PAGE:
Charles A. Knipe, a pioneer farmer of Oklahoma, who is residing near Bartlesville, was born in Jackson county, Kansas, August 24, 1864, his parents being William and Lucy Ann (Brennan) Knipe. The father was a pioneer of Kansas and died in May, 1920, at the advanced age of ninety-two. The mother is also deceased. Their son, Charles A. Knipe, came to Oklahoma the year before it was opened up for settlement; taking up his residence on the George Keeler farm, on Keeler creek, in Washington county, where he remained for a year and then removed to his present place of seventy-five acres, situated three and a half miles south of Bartlesville, on the Tulsa road. He cultivates a portion of this property and uses the remainder for pasture. His principal crops are wheat, oats and corn and his home is an old and substantial one, built partly of logs and standing in the midst of a fine grove of trees. His place is well improved and developed and he also has an additional tract of twenty acres a half mile north of the home farm, on which there are three producing oil wells. He is enterprising and progressive in the conduct of his farming interests and his success is well merited. On April 19, 1891, Mr. Knipe was united in marriage to Miss Nellie Arnold, a native of this...

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Biography of George E. Easley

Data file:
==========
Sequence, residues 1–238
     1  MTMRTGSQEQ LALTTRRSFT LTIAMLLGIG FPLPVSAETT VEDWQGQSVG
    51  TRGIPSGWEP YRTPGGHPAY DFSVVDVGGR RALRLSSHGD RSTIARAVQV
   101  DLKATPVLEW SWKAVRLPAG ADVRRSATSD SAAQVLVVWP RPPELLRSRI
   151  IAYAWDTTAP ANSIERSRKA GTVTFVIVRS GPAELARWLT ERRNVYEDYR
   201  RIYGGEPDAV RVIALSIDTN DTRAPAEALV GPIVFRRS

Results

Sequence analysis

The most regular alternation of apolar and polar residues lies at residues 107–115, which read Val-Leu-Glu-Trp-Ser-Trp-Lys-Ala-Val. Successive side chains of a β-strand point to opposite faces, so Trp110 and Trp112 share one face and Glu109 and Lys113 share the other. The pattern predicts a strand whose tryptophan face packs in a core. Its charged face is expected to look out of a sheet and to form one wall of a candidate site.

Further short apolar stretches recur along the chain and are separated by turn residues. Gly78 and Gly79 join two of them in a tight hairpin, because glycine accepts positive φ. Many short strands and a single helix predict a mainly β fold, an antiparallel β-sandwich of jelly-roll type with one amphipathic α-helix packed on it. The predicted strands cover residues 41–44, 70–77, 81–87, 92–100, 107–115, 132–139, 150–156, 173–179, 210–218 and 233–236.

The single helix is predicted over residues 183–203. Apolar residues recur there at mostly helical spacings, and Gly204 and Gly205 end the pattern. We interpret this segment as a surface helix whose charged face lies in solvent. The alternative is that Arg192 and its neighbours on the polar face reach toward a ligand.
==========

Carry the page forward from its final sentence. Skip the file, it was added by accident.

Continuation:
George E. Easley, a native son of Oklahoma and a member of one of the old and prominent families of the state, is now living retired at No. 1326 Johnstone avenue, Bartlesville, receiving a substantial income from his oil holdings. He was born near Pawhuska, Indian Territory, February 19, 1895, his parents being William and Margaret (Reward) Easley, the former a native of Kansas, while the latter was born in Indian Territory and is of Osage extraction. The father came to this state over forty years ago during-the territorial period and has since been an active and influential factor in its agricultural development. His operations have been conducted on an extensive scale and he now resides on Mission creek in Osage county, where he owns over two thousand acres of land, on which he raises stock. The mother also survives, and they are widely known and highly respected residents of this section of the state. George E. Easley acquired his education in the schools of Chillicothe, Missouri, and Pawhuska, Oklahoma, and during the World war he was first stationed at Camp Greenleaf, Georgia, being attached to the Medical Corps of Evacuating Ambulance Company No. 18, and was later sent overseas, remaining abroad for ten months. He is now living retired in Bartlesville, receiving large royalties from oil. Mr. Easley was united in marriage to Miss Marie Watkins, who is...